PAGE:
An update from MBIE:
On 16 April 2019, Building and Construction Minister Jenny Salesa announced the opening of consultation on a suite of far-reaching changes to building law. These are the most significant reforms since the current Building Act was introduced in 2004.
The consultation is on proposals to improve the regulation of building products and methods, strengthen occupational regulation, look at how risk and liability are managed, reduce the building levy, and strengthen penalties for those who don’t comply with the law.
The consultation follows the Ministry of Business, Innovation and Employment’s work last year, talking to people across the sector to hear what they had to say about how the regulatory system functions. Those conversations revealed three common themes:
- Roles and responsibilities are not clear
- Information isn’t available when it’s needed
- It’s difficult to hold people to account for the quality of their work
The proposed changes aim to address these concerns.
Visit the building reform page on the MBIE website to read the discussion paper, learn more about the proposals, and have your say before 16 June 2019.
Highlights of the proposed reforms
The reforms will deliver safe and durable buildings, a high performing building sector, and an efficient regulatory system. They aim to lift quality in building products and methods to help make sure things go right the first time while changing risk and liability settings for fairer outcomes when things do go wrong.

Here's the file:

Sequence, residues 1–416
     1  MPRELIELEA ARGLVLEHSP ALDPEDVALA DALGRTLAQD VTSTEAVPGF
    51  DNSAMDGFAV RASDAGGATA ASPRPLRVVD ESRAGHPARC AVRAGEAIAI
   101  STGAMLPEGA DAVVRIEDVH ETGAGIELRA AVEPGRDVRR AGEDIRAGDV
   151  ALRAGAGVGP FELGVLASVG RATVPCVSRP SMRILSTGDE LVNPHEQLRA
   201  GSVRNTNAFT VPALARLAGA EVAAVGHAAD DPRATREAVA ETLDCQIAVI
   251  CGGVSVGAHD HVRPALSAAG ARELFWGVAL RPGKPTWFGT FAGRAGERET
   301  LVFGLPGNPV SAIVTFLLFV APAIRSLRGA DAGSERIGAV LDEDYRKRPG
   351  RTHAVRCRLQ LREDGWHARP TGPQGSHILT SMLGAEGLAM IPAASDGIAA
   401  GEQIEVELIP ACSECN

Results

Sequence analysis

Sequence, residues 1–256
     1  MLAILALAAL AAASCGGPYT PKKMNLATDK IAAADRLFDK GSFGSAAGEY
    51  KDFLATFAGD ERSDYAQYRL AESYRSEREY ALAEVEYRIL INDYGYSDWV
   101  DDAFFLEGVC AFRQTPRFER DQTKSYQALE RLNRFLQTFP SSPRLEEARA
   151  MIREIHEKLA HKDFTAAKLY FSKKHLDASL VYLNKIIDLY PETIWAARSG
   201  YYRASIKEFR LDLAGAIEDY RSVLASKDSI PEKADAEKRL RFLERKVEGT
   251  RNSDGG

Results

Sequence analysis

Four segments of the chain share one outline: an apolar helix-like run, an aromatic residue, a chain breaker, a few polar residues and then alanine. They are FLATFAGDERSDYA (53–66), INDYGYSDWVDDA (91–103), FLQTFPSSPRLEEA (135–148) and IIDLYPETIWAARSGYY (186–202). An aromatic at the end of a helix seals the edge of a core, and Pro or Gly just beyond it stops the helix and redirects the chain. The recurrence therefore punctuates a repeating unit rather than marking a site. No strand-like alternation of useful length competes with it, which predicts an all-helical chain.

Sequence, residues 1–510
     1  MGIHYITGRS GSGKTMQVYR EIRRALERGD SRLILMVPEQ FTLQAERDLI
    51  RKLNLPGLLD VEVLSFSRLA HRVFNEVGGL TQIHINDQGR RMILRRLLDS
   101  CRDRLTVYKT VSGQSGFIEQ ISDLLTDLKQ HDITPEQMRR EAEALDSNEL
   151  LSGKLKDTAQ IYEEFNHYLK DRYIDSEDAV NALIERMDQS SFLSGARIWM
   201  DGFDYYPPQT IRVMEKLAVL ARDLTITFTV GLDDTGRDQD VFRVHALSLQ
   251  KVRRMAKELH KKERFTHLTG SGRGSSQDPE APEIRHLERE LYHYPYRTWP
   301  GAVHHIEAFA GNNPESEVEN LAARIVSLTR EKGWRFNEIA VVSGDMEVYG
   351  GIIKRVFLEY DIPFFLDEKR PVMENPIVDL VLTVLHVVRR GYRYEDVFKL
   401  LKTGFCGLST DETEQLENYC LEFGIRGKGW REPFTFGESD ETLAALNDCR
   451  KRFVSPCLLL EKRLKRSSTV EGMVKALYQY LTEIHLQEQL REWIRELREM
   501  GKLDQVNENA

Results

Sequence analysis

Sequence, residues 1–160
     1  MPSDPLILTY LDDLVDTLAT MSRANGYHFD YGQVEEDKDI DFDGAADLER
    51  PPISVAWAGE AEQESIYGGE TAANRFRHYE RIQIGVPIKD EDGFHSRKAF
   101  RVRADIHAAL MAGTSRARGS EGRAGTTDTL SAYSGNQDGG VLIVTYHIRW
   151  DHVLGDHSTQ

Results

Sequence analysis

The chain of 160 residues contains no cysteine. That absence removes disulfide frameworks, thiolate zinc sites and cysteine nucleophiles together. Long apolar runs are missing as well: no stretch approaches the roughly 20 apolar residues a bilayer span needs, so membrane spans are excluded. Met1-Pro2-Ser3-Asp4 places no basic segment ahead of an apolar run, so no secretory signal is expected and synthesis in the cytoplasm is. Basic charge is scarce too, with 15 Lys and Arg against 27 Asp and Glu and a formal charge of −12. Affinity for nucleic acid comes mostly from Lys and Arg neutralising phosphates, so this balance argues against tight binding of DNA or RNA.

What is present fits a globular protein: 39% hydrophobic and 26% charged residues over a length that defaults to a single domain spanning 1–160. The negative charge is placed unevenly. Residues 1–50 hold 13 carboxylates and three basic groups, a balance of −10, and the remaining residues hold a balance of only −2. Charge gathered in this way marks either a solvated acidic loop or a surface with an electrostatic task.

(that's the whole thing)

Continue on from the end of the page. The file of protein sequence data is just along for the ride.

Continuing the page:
Below is a summary of the proposed reforms across five major areas:
Building products and methods
- Clarify roles and responsibilities for building products and methods
- Require manufacturers and suppliers to provide information about building products
- Strengthen the framework for product certification
- Make consenting easier for modern methods of construction.
- Change the licensed building practitioners scheme to raise competence standards and broaden the definition of restricted building work
- Introduce a new licensing scheme for engineers and restrict who can carry out safety-critical engineering work
- Remove exemptions that allow unlicensed people to carry out sanitary plumbing, gasfitting and drainlaying work.
Risk and liability
- Require a guarantee and insurance product for residential new builds and significant alterations, and allow homeowners to actively opt out of it
- Leave the liability settings for building consent authorities unchanged
- Reduce the building levy from $2.01 including GST to $1.50 including GST (per $1,000)
- Standardise the building levy threshold at $20,444 including GST
- Allow MBIE to spend funds raised by the building levy on broader stewardship of the building sector
Offences, penalties and public notification
- Increase the maximum financial penalties
- Set different maximum penalties for individuals and organisations
- Extend the time enforcement agencies can lay a charge from six months to 12 months
- Remove the requirement to publish key decisions in newspapers (information would still be published on publicly accessible websites and in the New Zealand Gazette)